[As a quick aside before I continue, I read Troie through Burgess and Kelly’s excellent 2017 English prose translation. They annotate each of their prose paragraphs with the corresponding line numbers in the original French text, but because I don’t have a direct line-by-line comparison between the two, when I quote from the English text, I will mostly be providing a span of lines that will draw the curious to the pertinent overall section of the poem rather than the specific line. The exception to this is when I can easily ascertain that the quote is coming from the first or last line of a prose section.]

So what else is different? Probably too many small details to mention all of them, but one of the biggest is the opening of the story. Homer, addressing an audience intimately familiar with the Trojan mythos, can afford to start ten years into the conflict and allude back to prior actions at will throughout the narrative. But Benoît recognizes the story may be unknown to his audience (“so those who are ignorant of Latin can enjoy it in French” (lines 1-44)), so he knows he must start at the beginning and explain the causes of the war between the Trojans and the Greeks. And yes, I said “causes” as in plural. The exclusion of Eris from the wedding of Thetis and Peleus is omitted (because the gods are absent; near the end of the poem Thetis makes an appearance, but she is merely the daughter of a king, not a nereid). Similarly, the resulting Judgment of Paris is mentioned only in passing by Paris himself, but simply as a means to convince his father Priam and the more skeptical of his brothers (Hector and Helenus) to let him lead a raiding party on Greek territory because Venus had promised to give him the most beautiful woman in Greece in a dream, rather than in person (line 3845-928). But why are the Trojans thinking about raiding the Greeks in the first place? Well, the real original cause of the Trojan War stems from Jason and the Argonauts’ quest for the Golden Fleece.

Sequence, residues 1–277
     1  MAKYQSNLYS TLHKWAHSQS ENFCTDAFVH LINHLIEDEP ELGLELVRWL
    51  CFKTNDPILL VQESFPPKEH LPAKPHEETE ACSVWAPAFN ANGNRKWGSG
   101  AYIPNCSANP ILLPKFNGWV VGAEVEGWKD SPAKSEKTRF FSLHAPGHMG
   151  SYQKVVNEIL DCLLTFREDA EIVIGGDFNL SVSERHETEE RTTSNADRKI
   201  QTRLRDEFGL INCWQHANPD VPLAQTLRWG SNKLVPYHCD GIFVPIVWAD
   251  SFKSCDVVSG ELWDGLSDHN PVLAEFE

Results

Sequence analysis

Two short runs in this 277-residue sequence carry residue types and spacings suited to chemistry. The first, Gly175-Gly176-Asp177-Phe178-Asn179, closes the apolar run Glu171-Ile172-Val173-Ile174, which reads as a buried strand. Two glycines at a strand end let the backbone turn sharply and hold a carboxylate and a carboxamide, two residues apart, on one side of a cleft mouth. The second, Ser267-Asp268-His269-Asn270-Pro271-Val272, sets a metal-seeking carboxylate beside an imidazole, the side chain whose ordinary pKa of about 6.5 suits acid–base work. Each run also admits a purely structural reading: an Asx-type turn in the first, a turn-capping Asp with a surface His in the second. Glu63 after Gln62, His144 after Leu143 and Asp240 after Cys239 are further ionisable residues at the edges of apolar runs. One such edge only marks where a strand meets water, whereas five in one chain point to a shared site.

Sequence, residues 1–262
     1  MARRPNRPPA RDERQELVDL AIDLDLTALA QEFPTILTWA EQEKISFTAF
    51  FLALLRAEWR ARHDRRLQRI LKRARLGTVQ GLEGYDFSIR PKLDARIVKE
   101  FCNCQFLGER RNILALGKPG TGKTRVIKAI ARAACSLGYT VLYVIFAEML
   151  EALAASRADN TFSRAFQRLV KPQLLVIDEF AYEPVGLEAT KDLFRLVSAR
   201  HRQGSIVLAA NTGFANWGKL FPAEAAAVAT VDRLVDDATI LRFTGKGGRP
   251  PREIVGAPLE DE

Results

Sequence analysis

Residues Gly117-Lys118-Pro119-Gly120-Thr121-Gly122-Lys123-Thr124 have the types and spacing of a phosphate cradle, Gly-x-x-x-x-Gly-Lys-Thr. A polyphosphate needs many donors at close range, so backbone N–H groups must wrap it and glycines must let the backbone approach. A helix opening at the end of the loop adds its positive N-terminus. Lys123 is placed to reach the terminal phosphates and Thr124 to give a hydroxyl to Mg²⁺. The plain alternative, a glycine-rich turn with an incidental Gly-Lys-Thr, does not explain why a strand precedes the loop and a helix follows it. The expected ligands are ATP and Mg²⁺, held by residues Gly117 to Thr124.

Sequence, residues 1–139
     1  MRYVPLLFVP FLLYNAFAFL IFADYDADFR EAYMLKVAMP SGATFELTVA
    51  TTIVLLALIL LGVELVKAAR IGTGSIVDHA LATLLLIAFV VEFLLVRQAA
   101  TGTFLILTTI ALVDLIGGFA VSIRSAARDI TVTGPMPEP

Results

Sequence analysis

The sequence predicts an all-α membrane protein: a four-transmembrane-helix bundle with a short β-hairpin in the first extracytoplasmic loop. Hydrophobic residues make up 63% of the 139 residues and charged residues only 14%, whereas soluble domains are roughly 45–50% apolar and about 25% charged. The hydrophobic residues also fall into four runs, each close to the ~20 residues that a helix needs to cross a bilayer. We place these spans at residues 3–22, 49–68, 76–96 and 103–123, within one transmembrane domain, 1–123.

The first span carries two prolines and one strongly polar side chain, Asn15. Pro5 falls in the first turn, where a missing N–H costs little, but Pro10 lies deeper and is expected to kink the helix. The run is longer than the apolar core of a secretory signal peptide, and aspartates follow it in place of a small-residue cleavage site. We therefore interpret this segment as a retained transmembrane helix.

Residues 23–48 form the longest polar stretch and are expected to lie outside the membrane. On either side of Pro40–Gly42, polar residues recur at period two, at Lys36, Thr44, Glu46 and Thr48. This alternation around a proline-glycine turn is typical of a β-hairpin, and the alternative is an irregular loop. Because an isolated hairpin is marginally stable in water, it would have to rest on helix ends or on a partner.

[I mean, I’m completely down to blame Jason over Helen, for the record…]